- Have the sponsor(s) obtain a sponsor certificate from their parish.
After you have completed the baptismal preparation session, and are ready to schedule your child’s baptism, please call our parish office to select the date and time.
Our parish usually celebrates the sacrament of baptism according to the following schedule:
For practicing members of our parish, who were married in the Catholic Church:
- During weekend Mass: Saturday at 6:00 p.m., or Sunday at 11:00 a.m.
- Outside of Mass: Saturday at 7:15 p.m., or Sunday at 12:15 p.m.
For all other situations the baptism is usually celebrated:
- Outside of Mass: Saturday at 7:15 p.m., or Sunday at 12:15 p.m.
As you begin to prepare for your child’s baptism, one of your first decisions will be the selection of sponsors (godparents). Prior to inviting a relative or close friend to assume the role of sponsor, it is important for you to understand what our church teaches.
Choosing sponsors can be a sensitive issue, but a greater understanding of the role of a sponsor may help you in this matter. Sponsors play a very important role in your child’s spiritual life and should serve as role models of the faith.
Your child should be able to look to their sponsors as an example of how the church teaches us to live our Catholic faith. They should support you in your work to teach your child our Catholic faith.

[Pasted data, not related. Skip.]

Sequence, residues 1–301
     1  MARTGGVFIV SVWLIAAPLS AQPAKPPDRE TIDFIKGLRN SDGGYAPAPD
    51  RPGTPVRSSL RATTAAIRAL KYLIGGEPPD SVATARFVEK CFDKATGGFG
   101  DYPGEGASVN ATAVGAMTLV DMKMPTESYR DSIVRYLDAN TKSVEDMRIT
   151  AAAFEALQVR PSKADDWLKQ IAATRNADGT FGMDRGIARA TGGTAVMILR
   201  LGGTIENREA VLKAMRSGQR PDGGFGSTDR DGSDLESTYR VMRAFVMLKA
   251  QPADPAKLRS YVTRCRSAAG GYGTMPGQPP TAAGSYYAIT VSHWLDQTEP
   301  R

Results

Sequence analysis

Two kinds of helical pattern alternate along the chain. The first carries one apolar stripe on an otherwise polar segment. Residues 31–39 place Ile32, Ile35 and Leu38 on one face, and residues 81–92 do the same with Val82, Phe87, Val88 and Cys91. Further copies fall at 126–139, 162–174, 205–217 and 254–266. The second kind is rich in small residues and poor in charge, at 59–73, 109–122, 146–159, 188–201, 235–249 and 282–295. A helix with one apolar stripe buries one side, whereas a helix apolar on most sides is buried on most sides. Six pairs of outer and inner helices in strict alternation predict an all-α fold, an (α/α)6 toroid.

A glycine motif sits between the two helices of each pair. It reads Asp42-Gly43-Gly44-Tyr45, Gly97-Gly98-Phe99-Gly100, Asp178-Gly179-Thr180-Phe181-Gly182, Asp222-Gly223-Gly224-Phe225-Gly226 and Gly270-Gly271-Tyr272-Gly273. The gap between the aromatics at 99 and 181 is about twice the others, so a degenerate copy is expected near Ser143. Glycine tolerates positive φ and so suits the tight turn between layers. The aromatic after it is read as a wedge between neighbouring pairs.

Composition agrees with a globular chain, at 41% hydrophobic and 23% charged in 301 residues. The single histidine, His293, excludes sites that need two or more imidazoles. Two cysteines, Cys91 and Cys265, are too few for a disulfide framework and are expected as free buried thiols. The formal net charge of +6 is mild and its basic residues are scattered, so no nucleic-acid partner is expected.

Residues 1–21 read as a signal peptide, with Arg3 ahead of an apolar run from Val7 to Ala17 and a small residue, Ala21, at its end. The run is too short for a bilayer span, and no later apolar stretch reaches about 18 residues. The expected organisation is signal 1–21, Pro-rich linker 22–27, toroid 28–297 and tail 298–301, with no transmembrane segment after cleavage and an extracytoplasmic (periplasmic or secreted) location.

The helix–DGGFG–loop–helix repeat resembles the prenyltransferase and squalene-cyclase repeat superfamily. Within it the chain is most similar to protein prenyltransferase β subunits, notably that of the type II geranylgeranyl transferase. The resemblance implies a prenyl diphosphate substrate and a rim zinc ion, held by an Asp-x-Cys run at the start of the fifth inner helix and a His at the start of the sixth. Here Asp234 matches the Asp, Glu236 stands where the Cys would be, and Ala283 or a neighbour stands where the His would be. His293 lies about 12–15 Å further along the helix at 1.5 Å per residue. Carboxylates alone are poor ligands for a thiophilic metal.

Additionally, in their role as sponsor, they represent the larger church community. As you see, being a sponsor is not only an honor, it is a tremendous responsibility.
Our parish provides the following guidelines to help parents choose the best possible sponsors for their children.
There are typically two sponsors, one male (godfather) and one female (godmother); however, the church does permit to have just one sponsor (male or female).
- There may be no more than two sponsors.
- If two sponsors are chosen, they may not be of the same gender.
Each sponsor for baptism must meet all of the following:
- Be at least sixteen (16) years of age.
- Be a fully initiated Catholic (must have received all three sacraments of initiation, baptism, confirmation and Eucharist).
- Be a practicing Catholic and a Catholic in good standing who leads a life of faith necessary to fulfill the responsibility of being a sponsor.
- Be a registered member of a parish in the area where he or she lives.
- Attend Mass on Sundays and holy days of obligation.
- Support the parish both financially and through service to the best of their ability.